SARIM is a project which aims to define a common framework for the various key players of the digital economy in terms of risk management. It will therefore help to improve the quality and security of IT services and contribute towards improving the competitiveness of Luxembourg's economy.
Luxembourg has been heavily investing in its IT ecosystem over the past few years. There is a threefold goal. It involves meeting the financial market's growing need for high-level IT services. But it also involves diversifying the economy through attracting companies which work in high-growth sectors such as e-commerce and gaming while also developing an ecosystem which is conducive to innovation and the emergence of start-ups. For this ecosystem to be high-performance, secure and attractive, the Grand Duchy must also meet the highest international requirements with respect to governance and risk management. Different bodies oversee this regulation, such as ILNAS (Luxembourg Institute for Standardisation, Accreditation, Security), ILR (Luxembourg Institute of Regulation and Quality of Products and Services), CNPD (National Commission for Data Protection), INCERT or CSSF (Commission for the Supervision of the Financial Sector).
In terms of regulation, Luxembourg goes beyond European requirements. Each of the bodies is involved within the framework of its overall mission. But it is necessary to harmonise the different approaches, to gain a better understanding of the ecosystem of companies, and to integrate risk management into relations between the players. This is the goal of the SARIM project, which began in January 2014 for a two-year period. 2014 was dedicated to mapping out the ecosystem in order to identify any interdependencies, system weaknesses (the risks), and critical structures. "The companies which make up Luxembourg's IT ecosystem are very interdependent. The IT ecosystem is consequently a real puzzle. But with our systemic-analysis tools, we must highlight any redundancies and risks which could block the system. In addition to the need to visualise these risk chains, our goal in 2015 is to set up and test a systemic-risk-management model which is applicable to all of the ecosystem and a common standard which all regulators can refer to", explains Sébastien Pineau from LIST. A case study led with POST Luxembourg is already taking place.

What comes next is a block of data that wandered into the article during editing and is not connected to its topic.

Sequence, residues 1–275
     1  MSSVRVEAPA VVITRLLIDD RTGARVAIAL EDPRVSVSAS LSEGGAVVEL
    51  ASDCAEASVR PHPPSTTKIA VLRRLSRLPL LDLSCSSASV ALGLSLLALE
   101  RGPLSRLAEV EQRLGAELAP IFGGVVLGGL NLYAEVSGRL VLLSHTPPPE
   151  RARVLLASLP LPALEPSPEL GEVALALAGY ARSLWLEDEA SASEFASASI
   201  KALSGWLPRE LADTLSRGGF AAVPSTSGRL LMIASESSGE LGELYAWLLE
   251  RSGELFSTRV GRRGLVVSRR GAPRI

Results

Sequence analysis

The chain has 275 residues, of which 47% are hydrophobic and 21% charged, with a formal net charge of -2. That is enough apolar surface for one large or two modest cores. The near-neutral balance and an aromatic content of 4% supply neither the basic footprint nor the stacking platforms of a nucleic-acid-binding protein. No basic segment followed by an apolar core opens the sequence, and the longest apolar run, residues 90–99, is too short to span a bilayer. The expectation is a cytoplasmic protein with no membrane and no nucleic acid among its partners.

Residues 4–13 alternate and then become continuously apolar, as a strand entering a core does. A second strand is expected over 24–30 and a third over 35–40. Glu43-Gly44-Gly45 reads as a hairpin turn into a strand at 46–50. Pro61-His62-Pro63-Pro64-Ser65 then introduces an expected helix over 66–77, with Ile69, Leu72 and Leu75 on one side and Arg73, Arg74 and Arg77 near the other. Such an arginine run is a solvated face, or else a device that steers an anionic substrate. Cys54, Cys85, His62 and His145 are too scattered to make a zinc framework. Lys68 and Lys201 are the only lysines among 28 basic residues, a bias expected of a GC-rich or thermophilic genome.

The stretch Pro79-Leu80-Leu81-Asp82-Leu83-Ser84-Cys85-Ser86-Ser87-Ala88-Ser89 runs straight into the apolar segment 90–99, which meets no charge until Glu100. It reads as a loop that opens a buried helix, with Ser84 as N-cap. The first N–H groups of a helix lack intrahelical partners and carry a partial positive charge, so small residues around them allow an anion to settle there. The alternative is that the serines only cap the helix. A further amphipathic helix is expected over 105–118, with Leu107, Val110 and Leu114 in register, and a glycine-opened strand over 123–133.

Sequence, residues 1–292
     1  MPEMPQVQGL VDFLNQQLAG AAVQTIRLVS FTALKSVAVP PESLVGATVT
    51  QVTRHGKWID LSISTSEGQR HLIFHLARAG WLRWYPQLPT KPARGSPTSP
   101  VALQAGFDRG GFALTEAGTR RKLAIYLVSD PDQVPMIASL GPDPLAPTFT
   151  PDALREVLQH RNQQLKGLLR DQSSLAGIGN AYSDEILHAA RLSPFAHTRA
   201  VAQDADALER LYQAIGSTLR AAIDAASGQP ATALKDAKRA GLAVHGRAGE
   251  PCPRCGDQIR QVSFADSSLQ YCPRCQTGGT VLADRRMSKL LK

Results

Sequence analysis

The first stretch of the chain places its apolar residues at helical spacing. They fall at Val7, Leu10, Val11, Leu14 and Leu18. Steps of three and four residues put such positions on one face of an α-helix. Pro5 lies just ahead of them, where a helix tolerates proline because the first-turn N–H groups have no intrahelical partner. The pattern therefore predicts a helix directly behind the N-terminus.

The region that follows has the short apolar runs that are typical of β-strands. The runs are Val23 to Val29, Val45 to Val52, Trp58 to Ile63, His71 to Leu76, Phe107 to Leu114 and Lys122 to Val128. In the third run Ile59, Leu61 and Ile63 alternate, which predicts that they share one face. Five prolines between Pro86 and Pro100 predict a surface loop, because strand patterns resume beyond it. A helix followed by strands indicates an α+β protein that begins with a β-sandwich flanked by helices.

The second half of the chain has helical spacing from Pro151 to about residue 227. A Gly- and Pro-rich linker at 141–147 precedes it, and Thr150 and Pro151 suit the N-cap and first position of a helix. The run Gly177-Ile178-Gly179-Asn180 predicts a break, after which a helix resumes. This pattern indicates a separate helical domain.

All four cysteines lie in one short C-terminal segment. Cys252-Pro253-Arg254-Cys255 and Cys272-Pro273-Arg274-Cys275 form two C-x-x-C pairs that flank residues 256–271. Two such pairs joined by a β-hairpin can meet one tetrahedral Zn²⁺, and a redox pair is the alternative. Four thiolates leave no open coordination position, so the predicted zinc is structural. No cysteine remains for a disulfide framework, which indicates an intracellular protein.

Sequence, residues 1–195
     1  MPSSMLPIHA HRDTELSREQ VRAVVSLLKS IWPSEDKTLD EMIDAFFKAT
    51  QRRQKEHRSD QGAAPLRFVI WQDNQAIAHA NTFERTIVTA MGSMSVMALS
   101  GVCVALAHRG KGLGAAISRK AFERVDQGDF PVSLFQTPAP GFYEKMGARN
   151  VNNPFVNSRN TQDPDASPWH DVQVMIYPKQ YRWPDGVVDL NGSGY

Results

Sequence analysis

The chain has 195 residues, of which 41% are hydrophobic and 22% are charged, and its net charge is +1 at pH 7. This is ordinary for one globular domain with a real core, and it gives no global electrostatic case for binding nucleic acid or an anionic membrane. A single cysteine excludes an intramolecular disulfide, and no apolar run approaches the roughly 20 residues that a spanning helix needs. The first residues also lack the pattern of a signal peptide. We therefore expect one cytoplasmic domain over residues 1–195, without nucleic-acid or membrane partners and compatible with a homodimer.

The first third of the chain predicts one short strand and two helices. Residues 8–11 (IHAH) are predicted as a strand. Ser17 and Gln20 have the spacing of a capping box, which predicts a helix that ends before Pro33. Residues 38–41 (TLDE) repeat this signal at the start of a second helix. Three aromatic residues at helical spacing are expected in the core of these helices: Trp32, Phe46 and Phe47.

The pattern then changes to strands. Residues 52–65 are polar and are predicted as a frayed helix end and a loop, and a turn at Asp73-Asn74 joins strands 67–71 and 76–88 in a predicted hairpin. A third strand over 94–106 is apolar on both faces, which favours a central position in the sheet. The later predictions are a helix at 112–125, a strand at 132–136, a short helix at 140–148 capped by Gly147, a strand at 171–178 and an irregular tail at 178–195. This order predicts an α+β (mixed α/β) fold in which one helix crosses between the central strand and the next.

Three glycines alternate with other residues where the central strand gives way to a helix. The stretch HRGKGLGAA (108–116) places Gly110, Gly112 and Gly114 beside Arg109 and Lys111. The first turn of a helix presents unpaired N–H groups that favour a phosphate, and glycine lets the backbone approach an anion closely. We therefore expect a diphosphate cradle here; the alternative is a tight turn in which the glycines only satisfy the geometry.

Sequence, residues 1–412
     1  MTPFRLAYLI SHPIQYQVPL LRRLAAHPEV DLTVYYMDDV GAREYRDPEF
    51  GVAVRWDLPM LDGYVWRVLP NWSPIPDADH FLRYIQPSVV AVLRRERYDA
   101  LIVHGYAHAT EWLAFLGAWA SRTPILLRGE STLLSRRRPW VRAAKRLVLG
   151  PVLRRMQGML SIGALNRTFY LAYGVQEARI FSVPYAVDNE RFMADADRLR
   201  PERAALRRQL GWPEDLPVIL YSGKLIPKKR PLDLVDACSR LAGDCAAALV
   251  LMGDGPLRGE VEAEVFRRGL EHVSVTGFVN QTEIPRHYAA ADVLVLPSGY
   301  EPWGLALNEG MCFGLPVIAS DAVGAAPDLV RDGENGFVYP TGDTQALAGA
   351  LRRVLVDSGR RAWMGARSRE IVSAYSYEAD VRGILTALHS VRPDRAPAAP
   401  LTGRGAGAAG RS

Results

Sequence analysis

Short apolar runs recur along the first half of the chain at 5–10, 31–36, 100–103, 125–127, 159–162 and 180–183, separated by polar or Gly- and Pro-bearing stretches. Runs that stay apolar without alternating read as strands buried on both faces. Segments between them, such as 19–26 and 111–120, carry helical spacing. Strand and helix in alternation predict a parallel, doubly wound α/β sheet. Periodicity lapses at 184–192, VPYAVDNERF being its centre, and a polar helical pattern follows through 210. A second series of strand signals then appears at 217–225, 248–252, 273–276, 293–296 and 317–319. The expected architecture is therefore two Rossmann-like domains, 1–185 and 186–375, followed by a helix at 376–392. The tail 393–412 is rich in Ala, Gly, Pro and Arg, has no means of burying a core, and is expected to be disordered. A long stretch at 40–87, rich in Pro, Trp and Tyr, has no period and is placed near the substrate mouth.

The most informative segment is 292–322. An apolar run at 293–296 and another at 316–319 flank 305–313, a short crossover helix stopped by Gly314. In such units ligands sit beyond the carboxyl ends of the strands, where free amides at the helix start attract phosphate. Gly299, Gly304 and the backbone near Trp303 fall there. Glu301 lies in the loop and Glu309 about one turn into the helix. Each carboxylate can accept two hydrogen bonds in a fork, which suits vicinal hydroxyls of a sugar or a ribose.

There are many advantages to SARIM. Firstly, through adopting a common standard and organising data exchange, the players will assist with perfecting the reliability of their services and thus enhance their international attractiveness. Secondly, having a clearer concept of the risks which are involved within the framework of the customer-supplier relationship (which is the focus of a specific study within the project) will promote the drafting of contracts which include more guarantees in terms of risk. Thirdly, regulatory convergence is also a source of income and administrative streamlining for companies at a time in which statutory inflation, particularly in Europe, is generating new expenses. SARIM can therefore boost the competitiveness of the national economy.